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City Beat

Sacramento Mayor Kevin Johnson hired home builders’ advocate as new legislative adviser

By Marissa Lang

mlang@sacbee.com

June 05, 2015 09:29 AM

UPDATED June 05, 2015 08:21 PM

Mayor Kevin Johnson hired a former home builders’ advocate in April to fill one of five new positions he is seeking in Sacramento’s budget for the upcoming fiscal year.

Though the City Council has yet to approve the budget that would fund his job, the new employee, Scott Whyte, began working for the city on April 23, according to city records.

The city did not disclose Whyte’s employment details until late Thursday, nearly a month after The Sacramento Bee first requested that information.

On Tuesday, the Council will vote on a final version of the city’s proposed spending plan for the 2015-16 fiscal year. Included in that budget are five new mayoral positions – three of which were listed under the city manager’s line item, rather than the mayor’s, and have drawn criticism from some council members in recent weeks as an unnecessary expansion of Johnson’s office.

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Whyte, formerly of the North State Building Industry Association, was hired to serve as city legislative affairs adviser, a new position in Johnson’s office. If approved, Whyte will be paid $85,000 per year, according to Sacramento records.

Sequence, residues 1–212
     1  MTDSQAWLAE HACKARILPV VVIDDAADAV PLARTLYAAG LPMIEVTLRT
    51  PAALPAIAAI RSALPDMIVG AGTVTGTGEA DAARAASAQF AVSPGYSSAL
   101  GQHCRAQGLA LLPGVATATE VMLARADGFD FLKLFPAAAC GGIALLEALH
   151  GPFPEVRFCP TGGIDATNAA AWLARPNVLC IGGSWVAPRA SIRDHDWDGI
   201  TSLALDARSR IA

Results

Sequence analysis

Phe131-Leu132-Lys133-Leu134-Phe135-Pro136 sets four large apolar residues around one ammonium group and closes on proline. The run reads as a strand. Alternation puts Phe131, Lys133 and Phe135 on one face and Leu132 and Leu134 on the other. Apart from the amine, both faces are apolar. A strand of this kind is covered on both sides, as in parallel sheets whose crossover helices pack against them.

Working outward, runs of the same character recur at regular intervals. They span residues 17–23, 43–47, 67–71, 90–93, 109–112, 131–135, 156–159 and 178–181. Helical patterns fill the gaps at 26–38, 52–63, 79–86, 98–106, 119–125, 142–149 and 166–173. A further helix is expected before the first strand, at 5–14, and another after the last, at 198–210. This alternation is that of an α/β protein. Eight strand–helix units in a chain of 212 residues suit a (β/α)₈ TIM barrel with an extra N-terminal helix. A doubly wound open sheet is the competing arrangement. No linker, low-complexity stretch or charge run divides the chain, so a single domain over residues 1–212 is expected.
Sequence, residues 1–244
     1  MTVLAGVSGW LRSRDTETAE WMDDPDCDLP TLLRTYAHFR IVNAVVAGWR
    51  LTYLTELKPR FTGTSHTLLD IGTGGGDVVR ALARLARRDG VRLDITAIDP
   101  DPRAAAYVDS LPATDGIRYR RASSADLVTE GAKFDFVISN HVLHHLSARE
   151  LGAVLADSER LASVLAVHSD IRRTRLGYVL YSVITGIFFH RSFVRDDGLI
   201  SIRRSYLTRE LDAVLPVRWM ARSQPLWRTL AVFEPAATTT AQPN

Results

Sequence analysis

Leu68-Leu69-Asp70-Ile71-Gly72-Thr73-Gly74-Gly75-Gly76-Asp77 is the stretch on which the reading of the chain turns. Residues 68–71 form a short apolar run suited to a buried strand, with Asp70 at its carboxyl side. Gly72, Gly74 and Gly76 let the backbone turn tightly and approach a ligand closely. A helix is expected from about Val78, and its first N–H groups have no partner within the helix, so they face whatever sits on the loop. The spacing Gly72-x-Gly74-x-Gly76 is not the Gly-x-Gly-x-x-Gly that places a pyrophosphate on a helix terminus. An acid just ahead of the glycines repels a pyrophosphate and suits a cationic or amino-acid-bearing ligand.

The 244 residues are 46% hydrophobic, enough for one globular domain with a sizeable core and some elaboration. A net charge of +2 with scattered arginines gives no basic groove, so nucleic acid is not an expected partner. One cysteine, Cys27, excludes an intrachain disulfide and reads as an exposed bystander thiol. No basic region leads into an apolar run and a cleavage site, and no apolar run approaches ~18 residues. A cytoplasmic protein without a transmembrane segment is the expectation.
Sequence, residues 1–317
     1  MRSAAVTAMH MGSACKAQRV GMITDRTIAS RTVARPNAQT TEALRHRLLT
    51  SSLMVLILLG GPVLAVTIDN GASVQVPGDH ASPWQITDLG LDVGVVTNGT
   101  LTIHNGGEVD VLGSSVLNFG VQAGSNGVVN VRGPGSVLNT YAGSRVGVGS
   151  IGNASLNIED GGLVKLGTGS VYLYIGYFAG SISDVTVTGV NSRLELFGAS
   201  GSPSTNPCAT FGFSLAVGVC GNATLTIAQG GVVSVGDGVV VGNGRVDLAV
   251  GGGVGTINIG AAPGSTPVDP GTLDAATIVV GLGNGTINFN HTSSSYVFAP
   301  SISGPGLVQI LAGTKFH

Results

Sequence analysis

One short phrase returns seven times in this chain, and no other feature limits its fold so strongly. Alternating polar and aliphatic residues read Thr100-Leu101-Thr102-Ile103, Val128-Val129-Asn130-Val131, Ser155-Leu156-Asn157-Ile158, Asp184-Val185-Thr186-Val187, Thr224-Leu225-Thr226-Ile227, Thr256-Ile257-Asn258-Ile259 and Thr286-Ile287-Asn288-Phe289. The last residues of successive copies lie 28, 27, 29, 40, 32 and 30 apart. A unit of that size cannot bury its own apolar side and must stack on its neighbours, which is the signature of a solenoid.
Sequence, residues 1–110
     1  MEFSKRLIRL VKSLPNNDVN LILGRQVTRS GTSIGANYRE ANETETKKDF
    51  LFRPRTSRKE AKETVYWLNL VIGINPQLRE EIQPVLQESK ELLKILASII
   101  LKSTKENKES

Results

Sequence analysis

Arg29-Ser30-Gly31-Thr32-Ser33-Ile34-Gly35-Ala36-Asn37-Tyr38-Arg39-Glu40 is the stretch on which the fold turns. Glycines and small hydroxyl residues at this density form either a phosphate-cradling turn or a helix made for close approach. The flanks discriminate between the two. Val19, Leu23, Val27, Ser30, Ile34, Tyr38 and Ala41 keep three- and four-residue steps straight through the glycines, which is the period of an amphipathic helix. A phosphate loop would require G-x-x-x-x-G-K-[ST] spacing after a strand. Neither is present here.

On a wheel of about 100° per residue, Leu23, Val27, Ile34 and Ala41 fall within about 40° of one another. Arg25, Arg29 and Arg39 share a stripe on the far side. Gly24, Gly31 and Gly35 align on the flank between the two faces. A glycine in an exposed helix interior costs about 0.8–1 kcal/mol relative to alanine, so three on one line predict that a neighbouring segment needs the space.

He was initially hired into a vacant position, mayoral spokesman Ben Sosenko said, as the mayor’s office awaits the budget’s anticipated approval.

An initial job listing posted on the city’s website in February described the city legislative affairs adviser as someone who would coordinate and execute “key city programs and policies on behalf of the mayor.” The job description also noted the staffer would act as a “liaison to City Council standing and ad hoc committees.”

By adding five additional staff members, at a cost of nearly $700,000, the mayor would increase his staff and spending by 70 percent in the coming fiscal year.

City Councilman Steve Hansen, who represents downtown and Land Park, proposed an eleventh-hour budget change that would have reassigned the money Johnson wanted for his new staff toward additional parks workers. That move failed in a 3-6 vote.